‘Heroes of the Fourth Turning’: A Note from the Artistic Director

‘Heroes of the Fourth Turning’: A Note from the Artistic Director

Practicing empathy is not easy. To put our money where our mouths are, we must constantly confront the limits to which our hearts will open. Our daily lives, our national and political affiliations come with biases we must constantly confront as we seek to expand our powers of empathy. Perhaps in the time we now live, we Americans are more divided into warring camps than ever before. And the values we cherish often inspire hatred in the hearts of not only our opponents in different parts of our country, but in our own families.  

Empathy requires that we practice it perhaps especially with people or groups who we do not like. If we say we cannot imagine why an opponent could believe what they do, we have not practiced hard enough. Our great spiritual leader Marin Luther King said, “Darkness cannot drive out darkness. Only light can do that. Hate cannot drive out hate. Only love can do that.” Can we embrace that? Can we live it? We can try. In the theatre we shed light on the heart of darkness, so that it can be understood. And we defend the villain, testifying not that they are right, but that they are worthy of out compassion as a human. We have imagined ourselves in their shoes and understand.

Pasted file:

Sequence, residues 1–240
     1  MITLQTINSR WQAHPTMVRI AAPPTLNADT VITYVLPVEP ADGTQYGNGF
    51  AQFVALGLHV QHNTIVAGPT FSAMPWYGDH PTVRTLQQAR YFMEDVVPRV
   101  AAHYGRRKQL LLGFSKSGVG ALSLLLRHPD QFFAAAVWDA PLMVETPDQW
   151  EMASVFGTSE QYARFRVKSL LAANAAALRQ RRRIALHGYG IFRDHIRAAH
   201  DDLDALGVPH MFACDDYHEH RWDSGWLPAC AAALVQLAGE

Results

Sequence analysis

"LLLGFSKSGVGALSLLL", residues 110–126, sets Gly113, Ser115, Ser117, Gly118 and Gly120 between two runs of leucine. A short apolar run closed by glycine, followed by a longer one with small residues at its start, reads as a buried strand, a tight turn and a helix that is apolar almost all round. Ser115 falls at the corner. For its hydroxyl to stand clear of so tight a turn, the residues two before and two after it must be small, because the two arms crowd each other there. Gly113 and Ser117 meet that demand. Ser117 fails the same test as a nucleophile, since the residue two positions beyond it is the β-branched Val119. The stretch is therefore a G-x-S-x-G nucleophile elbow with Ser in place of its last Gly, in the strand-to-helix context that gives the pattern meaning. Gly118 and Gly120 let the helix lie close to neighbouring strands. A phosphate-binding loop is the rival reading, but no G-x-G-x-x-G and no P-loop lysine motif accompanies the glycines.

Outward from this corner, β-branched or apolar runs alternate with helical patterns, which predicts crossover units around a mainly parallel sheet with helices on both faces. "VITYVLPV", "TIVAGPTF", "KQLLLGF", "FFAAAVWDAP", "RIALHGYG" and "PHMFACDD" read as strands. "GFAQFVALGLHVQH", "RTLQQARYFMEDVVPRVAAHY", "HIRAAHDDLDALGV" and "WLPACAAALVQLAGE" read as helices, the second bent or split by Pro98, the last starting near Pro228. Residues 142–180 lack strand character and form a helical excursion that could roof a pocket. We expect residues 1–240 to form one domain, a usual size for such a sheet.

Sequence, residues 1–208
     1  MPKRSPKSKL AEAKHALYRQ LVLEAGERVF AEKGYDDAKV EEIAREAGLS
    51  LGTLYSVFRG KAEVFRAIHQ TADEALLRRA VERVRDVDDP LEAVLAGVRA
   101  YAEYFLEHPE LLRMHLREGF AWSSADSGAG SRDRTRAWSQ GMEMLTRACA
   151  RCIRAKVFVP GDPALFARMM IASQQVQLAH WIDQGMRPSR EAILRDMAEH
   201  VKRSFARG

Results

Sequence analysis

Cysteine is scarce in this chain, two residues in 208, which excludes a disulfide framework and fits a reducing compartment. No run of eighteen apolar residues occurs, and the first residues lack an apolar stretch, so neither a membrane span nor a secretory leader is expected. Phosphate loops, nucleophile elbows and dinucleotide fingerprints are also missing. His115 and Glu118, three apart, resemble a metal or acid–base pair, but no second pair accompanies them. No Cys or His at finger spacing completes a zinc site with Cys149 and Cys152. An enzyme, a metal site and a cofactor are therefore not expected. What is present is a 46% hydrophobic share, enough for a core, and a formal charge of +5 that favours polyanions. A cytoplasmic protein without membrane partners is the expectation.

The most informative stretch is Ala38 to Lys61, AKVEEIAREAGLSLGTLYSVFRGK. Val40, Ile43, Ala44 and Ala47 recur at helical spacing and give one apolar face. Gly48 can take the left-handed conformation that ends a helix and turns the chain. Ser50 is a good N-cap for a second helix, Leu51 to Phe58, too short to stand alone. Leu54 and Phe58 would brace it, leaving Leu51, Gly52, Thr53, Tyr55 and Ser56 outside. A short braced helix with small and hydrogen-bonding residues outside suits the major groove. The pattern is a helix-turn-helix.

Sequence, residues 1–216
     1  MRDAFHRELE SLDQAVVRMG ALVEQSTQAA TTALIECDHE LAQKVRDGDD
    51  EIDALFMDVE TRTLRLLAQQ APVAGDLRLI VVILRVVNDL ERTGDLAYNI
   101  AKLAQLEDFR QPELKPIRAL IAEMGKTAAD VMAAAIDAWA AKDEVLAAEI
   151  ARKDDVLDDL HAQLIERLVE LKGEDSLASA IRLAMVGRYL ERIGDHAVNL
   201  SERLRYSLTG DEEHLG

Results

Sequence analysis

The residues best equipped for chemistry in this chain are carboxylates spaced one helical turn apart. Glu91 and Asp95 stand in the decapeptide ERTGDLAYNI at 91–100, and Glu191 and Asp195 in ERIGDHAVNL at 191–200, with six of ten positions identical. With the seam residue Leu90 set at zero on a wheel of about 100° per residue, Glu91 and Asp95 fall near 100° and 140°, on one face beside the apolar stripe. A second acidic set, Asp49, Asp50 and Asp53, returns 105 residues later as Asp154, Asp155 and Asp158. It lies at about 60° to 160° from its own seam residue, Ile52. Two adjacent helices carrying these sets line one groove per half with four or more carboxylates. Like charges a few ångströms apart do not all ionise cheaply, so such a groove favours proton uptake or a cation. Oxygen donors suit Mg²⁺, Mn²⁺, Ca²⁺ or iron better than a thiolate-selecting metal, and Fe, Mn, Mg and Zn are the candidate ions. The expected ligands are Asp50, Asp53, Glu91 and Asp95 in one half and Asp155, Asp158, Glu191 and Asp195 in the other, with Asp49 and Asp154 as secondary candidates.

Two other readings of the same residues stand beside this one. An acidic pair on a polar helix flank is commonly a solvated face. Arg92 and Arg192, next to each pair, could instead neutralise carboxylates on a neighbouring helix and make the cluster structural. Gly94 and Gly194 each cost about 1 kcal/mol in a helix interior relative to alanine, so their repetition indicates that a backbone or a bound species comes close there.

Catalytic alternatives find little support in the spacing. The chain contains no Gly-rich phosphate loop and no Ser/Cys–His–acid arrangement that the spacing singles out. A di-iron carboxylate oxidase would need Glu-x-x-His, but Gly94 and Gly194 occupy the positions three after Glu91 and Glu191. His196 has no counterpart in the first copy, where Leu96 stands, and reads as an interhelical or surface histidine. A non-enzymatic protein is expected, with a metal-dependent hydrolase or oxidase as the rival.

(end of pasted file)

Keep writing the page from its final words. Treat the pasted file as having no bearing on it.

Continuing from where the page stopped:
Sun Tzu in “The Art of War” famously said, “If you know the enemy and know yourself, you need not fear the result of a hundred battles.” Even when we are bitterly opposed and reconciled to the fact that conflict is inevitable, empathy is the road to success. The exercise of knowing your enemy prepares you to understand how they may approach and overcome. Feeling what they feel, fearing what they fear, hoping for what they hope for; if these practices do not put us on the road to peace, they will prepare us for war.  

Aristotle said that tragedy promotes fear and pity in the heart of the observer: Fear that the same fate might befall them. And once that fear is felt, pity for the fate of the fallen. And of course, many of the subjects of our great tragedies, from Oedipus to Macbeth to Keller in All My Sons, do horrible things. And yet, the purpose of drama is that we enter into their experience so that we fear the same could happen to us. 

Bill English
– Artistic Director

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